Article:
1. Are the New York Jets fun to watch now?
You can’t help but love the swagger of the defense, even if Muhammad Wilkerson is not fully committed. New York is 4-5 but they could easily be 6-3 if they had a few bounces go their way, but either way they have infinitely more than the zero wins I expected them to have in 2017.
I still don’t think the Jets are going to make the postseason because they have a tough stretch to close out the year, with games against the Buccaneers, Panthers, Chiefs, Broncos, Saints, Chargers, and Patriots. They could lose all of them, or maybe they could win five of them. I think they’d have to win out, or have just one more loss all year, to make the postseason. That’s a tall order.
Still, they’ve done an impressive job turning around the season and playing with an attitude that goes a long way towards developing a franchise identity.
2. Although maybe they could sneak into the playoffs with 9 wins. Other than the New England Patriots, Pittsburgh Steelers, and Kansas City Chiefs tied at 6-2, there are 11 teams within two games of .500, or in other words have a 3-4, 3-5, 4-3, 4-4, 4-5, or 5-3 records.
There is little differentiating these 11 teams and other than the fact that one of them has to win the AFC South, that means the other 10 are all still in contention for the wild card slots. The race for the AFC playoffs could be a lot of fun in the final weeks, especially with the Patriots playing an AFC opponent in every game and an AFC East opponent in 5 of the last 6 weeks. If New England finally turns a corner, they could play spoiler for the Jets, Bills, or Dolphins down the stretch.
3. I hate seeing injuries in the NFL and the loss of Texans quarterback Deshaun Watson to a noncontact ACL injury during a routine drill in practice is simply terrible. Watson is a rising star and his 19 touchdown passes lead the league- an impressive stat for a rookie that didn’t even start the season opener.
The Colts also placed quarterback Andrew Luck on the injured reserve, too, as Watson and Luck join the Packers’ Aaron Rodgers, the Dolphins’ Ryan Tannehill, and the Cardinals’ Carson Palmer. Texans DL J.J. Watt, Ravens OG Marshal Yanda, Patriots WR Julian Edelman, LT Joe Thomas, Chiefs S Eric Berry, Texans EDGE Whitney Mercilus, Giants WR Odell Beckham Jr., and so many other great players have seen their season ruined by injury, too.
I honestly think it would just be better for the league if an unlimited number of players had the ability to return from the injured reserve. Increasing the number from one to two was a step in the right direction, and not all players that are injured are able to return in the middle of the year.
But if you have a player that could possibly make it back, then for the sake of the quality of the game of football, they should be allowed to come back.
4. ESPN’s Adam Schefter reports that multiple NFL owners have to provide their phone records and e-mails about quarterback Colin Kaepernick as part of the legal case against the NFL. Kaepernick claims that the NFL owners colluded to keep him out of the league. Among the owners are Patriots owner Robert Kraft, Cowboys owner Jerry Jones, and Texans owner Bob McNair.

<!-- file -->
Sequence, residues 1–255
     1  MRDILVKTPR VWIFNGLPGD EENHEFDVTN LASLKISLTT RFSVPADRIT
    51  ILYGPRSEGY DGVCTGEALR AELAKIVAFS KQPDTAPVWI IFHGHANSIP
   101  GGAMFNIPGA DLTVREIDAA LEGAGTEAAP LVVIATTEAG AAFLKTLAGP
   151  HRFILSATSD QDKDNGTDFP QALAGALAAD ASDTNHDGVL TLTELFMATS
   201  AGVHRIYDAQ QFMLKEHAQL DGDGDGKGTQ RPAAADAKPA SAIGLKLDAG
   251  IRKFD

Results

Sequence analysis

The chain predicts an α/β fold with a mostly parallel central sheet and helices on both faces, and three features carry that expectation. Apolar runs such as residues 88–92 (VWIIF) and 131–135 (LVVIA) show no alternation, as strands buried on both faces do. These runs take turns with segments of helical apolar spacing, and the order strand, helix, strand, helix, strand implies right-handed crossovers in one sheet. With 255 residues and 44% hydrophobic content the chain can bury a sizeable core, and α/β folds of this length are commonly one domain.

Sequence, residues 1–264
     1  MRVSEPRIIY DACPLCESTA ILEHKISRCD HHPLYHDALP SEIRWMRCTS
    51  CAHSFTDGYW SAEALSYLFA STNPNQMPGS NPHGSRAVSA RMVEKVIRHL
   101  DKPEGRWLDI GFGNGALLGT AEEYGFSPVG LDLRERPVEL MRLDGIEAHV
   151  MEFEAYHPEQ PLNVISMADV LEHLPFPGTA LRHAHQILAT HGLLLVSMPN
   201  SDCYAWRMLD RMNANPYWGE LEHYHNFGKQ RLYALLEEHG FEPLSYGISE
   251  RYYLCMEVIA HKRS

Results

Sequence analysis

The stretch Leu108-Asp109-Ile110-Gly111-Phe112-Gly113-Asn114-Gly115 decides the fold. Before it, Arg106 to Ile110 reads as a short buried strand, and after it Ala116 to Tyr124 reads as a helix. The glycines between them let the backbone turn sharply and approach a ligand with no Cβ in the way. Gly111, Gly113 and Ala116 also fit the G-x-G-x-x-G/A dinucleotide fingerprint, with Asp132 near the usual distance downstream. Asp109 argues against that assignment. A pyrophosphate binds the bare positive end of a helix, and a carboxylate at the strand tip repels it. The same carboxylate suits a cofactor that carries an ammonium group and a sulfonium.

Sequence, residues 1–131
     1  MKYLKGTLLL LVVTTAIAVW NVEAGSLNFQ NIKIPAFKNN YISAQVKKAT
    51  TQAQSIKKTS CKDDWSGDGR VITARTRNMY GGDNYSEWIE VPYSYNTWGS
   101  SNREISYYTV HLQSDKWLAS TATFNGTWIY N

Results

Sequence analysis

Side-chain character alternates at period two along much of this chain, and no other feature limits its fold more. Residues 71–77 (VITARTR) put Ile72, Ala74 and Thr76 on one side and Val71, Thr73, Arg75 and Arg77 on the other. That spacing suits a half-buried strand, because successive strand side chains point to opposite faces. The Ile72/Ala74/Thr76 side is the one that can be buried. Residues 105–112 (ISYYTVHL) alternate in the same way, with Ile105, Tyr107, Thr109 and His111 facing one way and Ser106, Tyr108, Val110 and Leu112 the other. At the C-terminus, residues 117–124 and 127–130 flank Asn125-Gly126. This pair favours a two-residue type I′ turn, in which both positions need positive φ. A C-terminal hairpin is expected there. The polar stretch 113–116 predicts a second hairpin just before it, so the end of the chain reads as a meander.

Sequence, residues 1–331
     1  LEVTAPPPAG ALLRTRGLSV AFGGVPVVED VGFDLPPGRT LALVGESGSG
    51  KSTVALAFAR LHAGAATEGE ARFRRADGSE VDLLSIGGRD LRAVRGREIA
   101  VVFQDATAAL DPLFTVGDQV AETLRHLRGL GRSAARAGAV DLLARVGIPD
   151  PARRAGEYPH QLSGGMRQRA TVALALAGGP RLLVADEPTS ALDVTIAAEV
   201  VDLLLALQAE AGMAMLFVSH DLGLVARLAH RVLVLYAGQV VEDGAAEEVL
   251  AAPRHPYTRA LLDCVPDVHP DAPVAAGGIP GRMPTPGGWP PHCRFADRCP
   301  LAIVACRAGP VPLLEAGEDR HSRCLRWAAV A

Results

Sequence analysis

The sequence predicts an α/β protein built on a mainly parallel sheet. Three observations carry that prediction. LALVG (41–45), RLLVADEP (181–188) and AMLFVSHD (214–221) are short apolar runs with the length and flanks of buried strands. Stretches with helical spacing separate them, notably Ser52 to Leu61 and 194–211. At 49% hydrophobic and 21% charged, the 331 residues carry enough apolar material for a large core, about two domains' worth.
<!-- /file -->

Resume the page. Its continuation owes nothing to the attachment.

The request to hand over phone and e-mails sounds awfully familiar to the request of Tom Brady during DeflateGate, so let’s take a look at how some of these owners responded.
“Cowboys owner Jerry Jones, Patriots owner Robert Kraft and Texans owner Bob McNair, amongst others, will be deposed and asked to turn over all cell phone records and emails in relation to the Colin Kaepernick collusion case against the NFL, a league source confirmed. Others owners, teams and league officials also will be deposed, but those individuals have been confirmed for now.”
5. Texans owner Bob McNair was a vocal supported of commissioner Roger Goodell during DeflateGate and even mentioned how one of his own superstars would have had no problem handing over their phone....
"What escalated the whole thing is that Brady and the Patriots were going to cooperate fully, and then when it came down to it, they didn't," McNair told Houston's Sports Radio 610, via ESPN. "If it was J.J. Watt, I think he would have been cooperative, and it wouldn't be a question. ... I don't think J.J. would destroy his cellphone."
...we’ll see how McNair responds now that he is in the spotlight on his own.
6. Cowboys owner Jerry Jones also credited the “fairness” of Goodell during DeflateGate, but suddenly wanted to limit the power of the commissioner as soon as Cowboys running back Ezekiel Elliott was the target of an NFL investigation for domestic violence.
“The NFL requested that Elliott provide his texts and call logs with Thompson over a certain period, but he provided ‘redacted, incomplete’ records,” Deadspin reported. “‘None of the records provided contained the substance of any text messages, nor the call logs from from Mr. Elliott’s two cell phones and to date, such evidence has not been provided.’”
Jones still thinks that Elliott and Brady deserve different outcomes, and I’m sure that Jones’ opposition to a Goodell extension has nothing to do with the status of the running back.
Remember that Jones publicly expressed that Goodell had been doing “an outstanding job” in July of 2015 in the middle of DeflateGate, and expressed “I'm all for the power of the commissioner,” in August of 2016.
Now Elliott maintains his innocence, as did Brady, and regardless of guilt Goodell has done a terrible job managing the image of the league for a while now.
But the question now is whether Jones and McNair and the other owners will provide all necessary documentation that have been requested and whether this will change their mind about the incredible and unfair power the commissioner wields over the players.
Apparently if Kaepernick wins this case, the Collective Bargaining Agreement is terminated and would be a huge favor to the players.